According to The Farmer’s Almanac, Texas will have a winter that is colder than normal. The region should also expect above- normal precipitation.  The coldest parts of the winter season will be from late November into early December, from late December into early January, and in early February. Snowfall in Texas’ region will be near to above normal. Most snow will come in late December and early to mid-February.

 

It is not too late to get help with your snow removal needs. Send us a note or give us a call, we’ll get back to you with a proposal and estimate for how we can help you.

Scary bugs- or are they?

Most commercial landscape property owners are concerned about the effects that insects and other pests might have on the plants and trees on your property. Web worms in your trees, chinch bugs in your St. Augustine grass, and other insects can cause severe damage. But not all insects are detrimental to your landscaping. There are several “good bugs” that beneficial to the plants and trees on your property.

Scary Bugs

To understand why some bugs are beneficial to have on your commercial landscape property, you must first learn which bugs are harmful.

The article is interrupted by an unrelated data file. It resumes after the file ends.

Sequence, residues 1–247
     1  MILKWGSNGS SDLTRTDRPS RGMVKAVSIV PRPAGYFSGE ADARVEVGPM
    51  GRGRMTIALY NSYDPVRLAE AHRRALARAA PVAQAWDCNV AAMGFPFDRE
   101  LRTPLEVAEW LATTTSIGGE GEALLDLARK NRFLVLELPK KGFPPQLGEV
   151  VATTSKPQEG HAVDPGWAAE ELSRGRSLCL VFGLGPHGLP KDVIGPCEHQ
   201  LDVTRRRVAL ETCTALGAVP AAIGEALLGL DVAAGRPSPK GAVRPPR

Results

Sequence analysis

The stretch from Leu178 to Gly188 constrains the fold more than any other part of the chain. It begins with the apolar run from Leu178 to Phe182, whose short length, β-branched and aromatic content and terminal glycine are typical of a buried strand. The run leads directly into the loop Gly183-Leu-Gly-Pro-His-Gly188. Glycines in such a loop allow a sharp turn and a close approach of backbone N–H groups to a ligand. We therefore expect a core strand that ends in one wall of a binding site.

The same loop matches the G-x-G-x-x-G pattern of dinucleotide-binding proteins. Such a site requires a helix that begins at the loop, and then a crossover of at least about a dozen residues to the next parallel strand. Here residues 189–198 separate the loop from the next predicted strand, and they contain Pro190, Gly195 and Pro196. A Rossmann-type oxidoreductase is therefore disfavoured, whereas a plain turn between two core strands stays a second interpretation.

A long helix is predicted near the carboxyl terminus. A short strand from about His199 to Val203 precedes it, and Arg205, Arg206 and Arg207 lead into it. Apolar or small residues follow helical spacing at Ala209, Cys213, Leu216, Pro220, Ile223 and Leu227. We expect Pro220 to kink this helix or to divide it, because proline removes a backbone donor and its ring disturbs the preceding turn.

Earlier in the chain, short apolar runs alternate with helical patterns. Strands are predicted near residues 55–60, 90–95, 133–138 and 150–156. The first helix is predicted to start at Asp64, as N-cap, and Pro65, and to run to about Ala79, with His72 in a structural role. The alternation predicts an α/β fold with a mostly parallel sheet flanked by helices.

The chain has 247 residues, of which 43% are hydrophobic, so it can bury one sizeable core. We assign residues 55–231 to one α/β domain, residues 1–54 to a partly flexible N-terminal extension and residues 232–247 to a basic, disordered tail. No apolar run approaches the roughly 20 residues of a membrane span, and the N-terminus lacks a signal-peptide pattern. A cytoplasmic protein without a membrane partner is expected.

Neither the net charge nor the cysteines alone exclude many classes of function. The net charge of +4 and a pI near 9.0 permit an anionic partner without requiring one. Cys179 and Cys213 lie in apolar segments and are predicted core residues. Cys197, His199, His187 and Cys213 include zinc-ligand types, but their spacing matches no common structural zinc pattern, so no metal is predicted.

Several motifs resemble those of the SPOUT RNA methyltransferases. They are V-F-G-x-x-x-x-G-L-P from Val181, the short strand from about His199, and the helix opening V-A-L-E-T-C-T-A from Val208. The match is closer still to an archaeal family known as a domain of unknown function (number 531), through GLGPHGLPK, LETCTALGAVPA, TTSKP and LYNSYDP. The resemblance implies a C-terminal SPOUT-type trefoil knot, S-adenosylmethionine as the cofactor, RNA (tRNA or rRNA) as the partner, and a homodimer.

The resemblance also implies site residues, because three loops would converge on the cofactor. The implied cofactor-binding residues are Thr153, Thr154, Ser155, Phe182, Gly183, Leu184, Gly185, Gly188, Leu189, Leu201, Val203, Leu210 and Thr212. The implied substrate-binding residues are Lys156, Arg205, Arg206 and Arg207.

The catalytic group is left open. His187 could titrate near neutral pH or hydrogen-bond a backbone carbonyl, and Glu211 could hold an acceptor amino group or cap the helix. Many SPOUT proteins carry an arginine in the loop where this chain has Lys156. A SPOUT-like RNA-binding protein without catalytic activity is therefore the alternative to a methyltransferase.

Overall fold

Aphids: This small insect, with its piercing and sucking mouth, is a common pest to many species of roses. Aphids suck the sap from plants, causing dried and damaged leaves. You will most often find aphids on roses, crepe myrtles, and pecan trees.

Chinch bugs: Another type of sucking insects that feed on turf grass, especially St. Augustine. They inject the grass with their toxic saliva, which causes the turf grass to wilt and die.

Caterpillars: Caterpillars also include hornworm and spring cankerworm. While they are not considered to be harmful to most plants, their feeding on the leaves and flowers of your plants will mar the look of your landscaping.

Grub worms: These fat white worms are most prevalent in hot summer months. They feed on the roots of turf grass. Dead patches in your St. Augustine, Bermuda, zoysia, or buffalo grass might be evidence of the presence of grub worms.

Good Bugs

There is an army of insects in the soil and flying around your property that can help with the control of harmful pests. By feeding on harmful pests like aphids, caterpillars, grubs, and soft-bodied insects, these bugs are nature’s own pest control system.

How are some insects beneficial? Honeybees and other insects are a vital part of the pollination of many species of flowers and plants. Predatory insects like lady bugs and soldier bugs feed on many species of harmful pests. Parasitic insects like spiders lay their eggs inside or on top of pests, including insects and grubs, using them as food for their larvae.